ST Engineering’s DrN-15L drone, which was used on Thursday, is able to lift up to 2 kg, and fly at speeds of up to 15 metres per second, with a delivery radius of up to 5 km. Credit: ST Engineering.

Food delivery by drone took a big step forward this week in Singapore, when Foodpanda used a drone to deliver five packets of ayam penyet, a popular fried chicken dish, from the Marina South Pier to a ship located 3km offshore, Channel News Asia reported.

It was a welcome treat for seafarers aboard a PACC Offshore Services Holding vessel designated to support crew changes for cargo ships calling in Singapore during the Covid-19 pandemic. 

This comes after Foodpanda signed an agreement with Singapore Technologies (ST) Engineering in March to use DroNet — ST Engineering’s drone network system —  to test the delivery of “light food items” over short distances, CNA reported. 

The collaboration, dubbed PandaFly, aims to eventually see drones picking up and delivering orders to and from designated collection points islandwide, with one of Foodpanda’s 12,000 delivery riders completing the last mile of the delivery. 

“This means that customers can still expect the familiarity of our riders delivering piping hot meals right to their doorsteps,” the company said.

This is not the first time Foodpanda has experimented with the use of drones for deliveries — the Berlin-based food delivery giant first did so in Singapore in 2015.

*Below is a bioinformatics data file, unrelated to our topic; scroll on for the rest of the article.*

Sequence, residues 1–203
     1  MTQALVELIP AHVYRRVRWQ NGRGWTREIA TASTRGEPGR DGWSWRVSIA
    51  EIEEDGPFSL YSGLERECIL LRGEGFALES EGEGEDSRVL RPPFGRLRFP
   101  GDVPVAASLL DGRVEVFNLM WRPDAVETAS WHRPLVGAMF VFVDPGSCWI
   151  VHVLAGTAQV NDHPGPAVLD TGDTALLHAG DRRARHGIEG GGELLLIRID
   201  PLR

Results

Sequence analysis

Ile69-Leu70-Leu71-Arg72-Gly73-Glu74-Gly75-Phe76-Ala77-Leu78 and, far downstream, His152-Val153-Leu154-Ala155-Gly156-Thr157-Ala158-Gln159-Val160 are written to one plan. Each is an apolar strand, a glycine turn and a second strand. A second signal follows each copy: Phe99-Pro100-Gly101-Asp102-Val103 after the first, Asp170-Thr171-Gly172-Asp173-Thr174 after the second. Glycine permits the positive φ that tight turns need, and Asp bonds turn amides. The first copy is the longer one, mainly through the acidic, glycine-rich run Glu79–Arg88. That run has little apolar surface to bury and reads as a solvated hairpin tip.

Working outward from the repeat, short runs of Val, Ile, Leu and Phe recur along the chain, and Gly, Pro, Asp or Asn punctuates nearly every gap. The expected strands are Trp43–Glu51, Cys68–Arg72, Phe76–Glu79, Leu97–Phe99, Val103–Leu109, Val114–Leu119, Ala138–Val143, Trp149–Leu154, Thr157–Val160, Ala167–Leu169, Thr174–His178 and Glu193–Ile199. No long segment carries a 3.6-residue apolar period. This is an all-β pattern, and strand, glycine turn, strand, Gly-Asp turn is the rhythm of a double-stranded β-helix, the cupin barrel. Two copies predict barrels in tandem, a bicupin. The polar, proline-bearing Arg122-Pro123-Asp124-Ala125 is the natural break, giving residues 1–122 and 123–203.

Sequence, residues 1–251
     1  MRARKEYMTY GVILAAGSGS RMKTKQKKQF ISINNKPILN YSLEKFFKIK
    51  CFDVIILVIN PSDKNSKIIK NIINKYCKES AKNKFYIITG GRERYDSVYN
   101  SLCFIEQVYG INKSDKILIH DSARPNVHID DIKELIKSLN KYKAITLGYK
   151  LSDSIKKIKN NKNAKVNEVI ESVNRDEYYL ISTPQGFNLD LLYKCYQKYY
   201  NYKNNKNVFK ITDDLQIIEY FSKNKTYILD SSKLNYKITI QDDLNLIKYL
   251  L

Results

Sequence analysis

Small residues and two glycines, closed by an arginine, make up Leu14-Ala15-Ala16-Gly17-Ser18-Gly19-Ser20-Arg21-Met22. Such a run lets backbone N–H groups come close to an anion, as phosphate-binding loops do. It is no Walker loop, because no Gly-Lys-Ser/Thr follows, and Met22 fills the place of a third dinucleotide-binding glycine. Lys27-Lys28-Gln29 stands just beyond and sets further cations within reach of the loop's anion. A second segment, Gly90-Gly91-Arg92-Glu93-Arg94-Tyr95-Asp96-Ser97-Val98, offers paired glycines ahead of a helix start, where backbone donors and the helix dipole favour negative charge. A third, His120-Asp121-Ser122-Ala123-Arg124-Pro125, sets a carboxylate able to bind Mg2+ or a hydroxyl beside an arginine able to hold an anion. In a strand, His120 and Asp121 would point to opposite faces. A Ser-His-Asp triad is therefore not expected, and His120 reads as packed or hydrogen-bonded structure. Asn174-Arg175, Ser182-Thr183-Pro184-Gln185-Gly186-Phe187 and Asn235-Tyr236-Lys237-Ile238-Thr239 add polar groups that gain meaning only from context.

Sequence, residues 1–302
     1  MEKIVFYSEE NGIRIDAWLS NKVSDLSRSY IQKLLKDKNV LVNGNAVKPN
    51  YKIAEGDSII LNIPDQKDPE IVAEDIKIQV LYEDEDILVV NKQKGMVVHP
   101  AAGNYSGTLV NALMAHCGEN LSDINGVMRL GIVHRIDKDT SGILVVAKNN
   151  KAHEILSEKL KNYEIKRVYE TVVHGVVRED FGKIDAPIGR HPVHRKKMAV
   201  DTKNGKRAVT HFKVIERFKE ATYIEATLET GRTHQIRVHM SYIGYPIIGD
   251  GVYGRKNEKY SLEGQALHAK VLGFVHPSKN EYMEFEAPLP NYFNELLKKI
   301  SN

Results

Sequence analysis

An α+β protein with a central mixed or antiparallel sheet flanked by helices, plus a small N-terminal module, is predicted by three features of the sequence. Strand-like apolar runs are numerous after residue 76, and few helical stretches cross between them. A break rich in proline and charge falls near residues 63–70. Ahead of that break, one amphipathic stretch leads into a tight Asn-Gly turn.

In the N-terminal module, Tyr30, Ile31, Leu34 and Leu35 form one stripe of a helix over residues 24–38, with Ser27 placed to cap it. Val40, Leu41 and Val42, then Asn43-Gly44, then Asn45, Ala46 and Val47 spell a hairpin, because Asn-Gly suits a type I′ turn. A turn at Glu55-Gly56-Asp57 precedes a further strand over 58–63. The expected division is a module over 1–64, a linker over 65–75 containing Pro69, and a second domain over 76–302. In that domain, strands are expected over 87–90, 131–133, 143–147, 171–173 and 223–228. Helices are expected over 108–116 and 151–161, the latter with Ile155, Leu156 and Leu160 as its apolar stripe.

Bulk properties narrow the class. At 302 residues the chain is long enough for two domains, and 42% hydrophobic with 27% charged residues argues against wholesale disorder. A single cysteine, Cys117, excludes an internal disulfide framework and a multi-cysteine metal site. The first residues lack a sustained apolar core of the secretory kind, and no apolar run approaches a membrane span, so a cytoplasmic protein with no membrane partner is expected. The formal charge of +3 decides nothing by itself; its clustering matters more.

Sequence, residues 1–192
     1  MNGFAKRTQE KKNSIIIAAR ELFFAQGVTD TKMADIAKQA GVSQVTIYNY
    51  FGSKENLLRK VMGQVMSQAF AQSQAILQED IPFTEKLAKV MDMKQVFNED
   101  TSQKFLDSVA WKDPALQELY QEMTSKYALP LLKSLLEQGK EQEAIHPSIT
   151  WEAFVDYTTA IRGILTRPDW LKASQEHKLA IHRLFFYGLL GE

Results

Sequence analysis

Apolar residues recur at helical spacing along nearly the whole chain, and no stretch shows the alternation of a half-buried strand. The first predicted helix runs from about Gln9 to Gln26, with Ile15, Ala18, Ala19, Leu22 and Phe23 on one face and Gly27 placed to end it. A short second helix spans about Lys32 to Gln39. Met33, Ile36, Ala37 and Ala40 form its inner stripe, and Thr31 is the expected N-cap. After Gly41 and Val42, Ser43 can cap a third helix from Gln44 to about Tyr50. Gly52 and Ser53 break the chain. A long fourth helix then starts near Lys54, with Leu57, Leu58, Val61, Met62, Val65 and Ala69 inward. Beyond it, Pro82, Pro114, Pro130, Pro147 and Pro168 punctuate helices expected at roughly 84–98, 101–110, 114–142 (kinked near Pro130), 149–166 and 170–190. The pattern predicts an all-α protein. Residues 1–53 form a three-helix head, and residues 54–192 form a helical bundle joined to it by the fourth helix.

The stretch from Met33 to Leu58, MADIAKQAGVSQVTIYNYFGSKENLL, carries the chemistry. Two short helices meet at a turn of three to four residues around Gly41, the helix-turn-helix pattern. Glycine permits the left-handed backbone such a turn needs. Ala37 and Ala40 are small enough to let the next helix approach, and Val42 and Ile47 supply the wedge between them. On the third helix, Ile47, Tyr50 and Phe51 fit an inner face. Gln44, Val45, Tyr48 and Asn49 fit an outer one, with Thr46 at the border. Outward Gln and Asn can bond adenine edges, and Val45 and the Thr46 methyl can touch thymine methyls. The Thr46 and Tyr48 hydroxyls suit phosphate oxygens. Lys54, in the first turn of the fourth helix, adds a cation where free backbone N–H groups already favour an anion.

Food delivery via drone is taking flight, with companies such as Uber and KFC experimenting with the use of the devices over the past year, CNA reported. 

“The fundamental desire in doing delivery by drone for us is to increase the choice for customers,” said Foodpanda Singapore managing director Luc Andreani. 

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He noted that while delivering food from the city — where many eateries are located — to residents in the heartlands by motorcycle is possible, it would take too long, which would in turn affect the quality of the food. 

PandaFly would allow Foodpanda to do islandwide deliveries without sacrificing that, he added. 

While the initial technological investment would be pricey, Andreani said customers will not have to contend with “crazy high delivery fees,” CNA reported.

“The idea would be to keep delivery fees stable so customers don’t feel any difference,” he said, adding that economies of scale meant that the greater use of drones would eventually translate to lower prices. 

ST Engineering’s DrN-15L  drone, which was used on Thursday, is able to lift up to 2 kg, and fly at speeds of up to 15 metres per second, with a delivery radius of up to 5 km, CNA reported. 

Teong Soo Soon, ST Engineering’s UAV (unmanned aerial vehicle) business vice-president, said he expects to eventually see a network of pre-approved flight routes.

While it is unlikely that drones will do deliveries directly to homes, Teong expects that there will soon be a network of collection points where these drone can take off and land from. 

“I think it’s a realistic expectation of what might come in the next few years,” he said.